Euro Bond Funds

Similar to bond funds in the United States, Euro bond funds are mutual funds which are comprised of government and corporate bonds except these government bonds are not issued by the U.S. government but rather are issued by governments in the European Union. Also, they are peculiar in that many times they are not denominated in the Euro but in the denominations of other countries around the world. In order to better understand Euro bond funds it is imperative to have a foundation first in Euro bonds and then bond funds that are comprised of Euro bonds.

What Are Euro Bonds?
Euro bonds are actually either municipal or corporate bonds. As noted above, although they are issued by governments and corporations in the European Union they may or may not be denominated in the Euro. In fact, the governments that issue them don’t really even need to be members of the EU as the World Bank also issues Euro bonds. In the beginning there was some amount of concern that the EU tax harmonization policy would lessen the desire for these bonds but this has not been the case in the decade or so since the Euro came into being. Euro bonds are favorable because they have the added benefit of providing tax shelters while offering anonymity.

What Are Bond Funds
One of the great things about bond funds is that unlike bonds they don’t have a maturity date. Some of the bonds within a fund will have a maturity date, but the fund itself does not. Unlike other types of mutual funds, bond funds do not contain any other type of investment products except bonds. However, there are a number of different types of bonds which include anything from short maturity to long maturity types of bonds. Bond funds are not insured even if they should be solely invested in government guaranteed bonds. This would be the case anyway with Euro bonds since they are not a United States financial product.

Top 4 Euro Bond Funds
Following are the top four performers in Euro bond funds. Although Vanguard places in three of the top four positions, iShares Barclay ranks right up there as well. Each bond fund is in a different category so each is at the head of the class, so to speak, in their respective categories.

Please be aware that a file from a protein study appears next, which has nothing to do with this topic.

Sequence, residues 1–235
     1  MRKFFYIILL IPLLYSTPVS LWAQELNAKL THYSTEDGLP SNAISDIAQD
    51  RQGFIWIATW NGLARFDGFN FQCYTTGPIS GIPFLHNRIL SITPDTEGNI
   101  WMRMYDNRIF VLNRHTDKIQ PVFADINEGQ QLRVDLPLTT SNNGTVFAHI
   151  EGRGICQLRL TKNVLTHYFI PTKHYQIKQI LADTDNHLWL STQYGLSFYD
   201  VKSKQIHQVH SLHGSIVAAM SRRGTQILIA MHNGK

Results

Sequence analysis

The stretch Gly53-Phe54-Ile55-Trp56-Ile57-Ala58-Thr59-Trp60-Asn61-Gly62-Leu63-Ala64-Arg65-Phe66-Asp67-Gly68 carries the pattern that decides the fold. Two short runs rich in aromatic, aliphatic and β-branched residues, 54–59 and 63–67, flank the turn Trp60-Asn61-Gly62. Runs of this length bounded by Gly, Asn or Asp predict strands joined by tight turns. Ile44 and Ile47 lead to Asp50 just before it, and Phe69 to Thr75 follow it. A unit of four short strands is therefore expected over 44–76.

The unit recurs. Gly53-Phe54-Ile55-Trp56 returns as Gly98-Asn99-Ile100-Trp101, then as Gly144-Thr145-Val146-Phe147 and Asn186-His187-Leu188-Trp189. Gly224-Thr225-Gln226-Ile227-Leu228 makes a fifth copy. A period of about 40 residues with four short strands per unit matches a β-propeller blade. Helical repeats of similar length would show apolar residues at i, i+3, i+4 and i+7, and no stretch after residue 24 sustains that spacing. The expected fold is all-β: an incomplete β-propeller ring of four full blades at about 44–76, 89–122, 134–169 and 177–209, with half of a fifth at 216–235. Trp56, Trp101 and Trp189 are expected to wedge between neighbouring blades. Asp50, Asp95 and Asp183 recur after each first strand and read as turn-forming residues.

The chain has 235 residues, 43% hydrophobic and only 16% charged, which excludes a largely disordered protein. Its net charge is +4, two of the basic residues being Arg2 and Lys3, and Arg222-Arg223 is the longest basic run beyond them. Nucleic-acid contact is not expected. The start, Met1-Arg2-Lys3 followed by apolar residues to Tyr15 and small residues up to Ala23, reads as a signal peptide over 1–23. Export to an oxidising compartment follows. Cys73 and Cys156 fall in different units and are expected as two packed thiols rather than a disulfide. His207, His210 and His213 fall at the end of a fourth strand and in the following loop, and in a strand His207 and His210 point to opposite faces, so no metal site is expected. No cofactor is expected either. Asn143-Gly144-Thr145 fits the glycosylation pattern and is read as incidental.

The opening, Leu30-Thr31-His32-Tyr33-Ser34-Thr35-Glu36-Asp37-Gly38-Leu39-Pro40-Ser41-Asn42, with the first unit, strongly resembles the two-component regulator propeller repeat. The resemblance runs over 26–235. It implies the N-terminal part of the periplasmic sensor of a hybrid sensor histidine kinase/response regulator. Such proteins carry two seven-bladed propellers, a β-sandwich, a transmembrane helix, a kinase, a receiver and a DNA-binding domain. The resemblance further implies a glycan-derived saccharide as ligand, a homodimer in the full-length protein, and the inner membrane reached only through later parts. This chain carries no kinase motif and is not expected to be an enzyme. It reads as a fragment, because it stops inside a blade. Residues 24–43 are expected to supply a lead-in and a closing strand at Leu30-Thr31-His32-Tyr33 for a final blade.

• BSV – Vanguard Short Term Bond ETF – Traded on ARCX, this short term fixed income holding bond fund is for those looking for short duration exposure.
  • BIV – Vanguard Intermediate Term Bond ETF – An intermediate term bond traded on ARCX and is a fixed income holding.
  • AGG – iShares Barclays Aggregate Bond Fund – Also an intermediate term bond fund with the bonds being traded on ARCX. Most suited for those looking for diversified fixed income investments.
  • BND – Vanguard Total Bond Market ETF – Also traded on ARCX, Vanguard Total Bond Market ETF is a medium term bond fund that is most suited for those looking for a diversified fixed income investment.

Although Euro bond funds are comprised of bonds issued in Europe, they are not always in Euro denominations and are quite often denominated in the currencies of countries such as the United States or Japan. They operate much the same as bond funds here in the United States do and are seen as a sound investment even though they are not backed by any government guarantees. While some of the bonds within the fund may be guaranteed, the fund itself is not. Likewise, although the bonds within the fund may have a maturity date, the fund itself is ongoing. Whether you are looking for short term or long term exposure, Euro bond funds are a great alternative to traditional U.S. bond funds.

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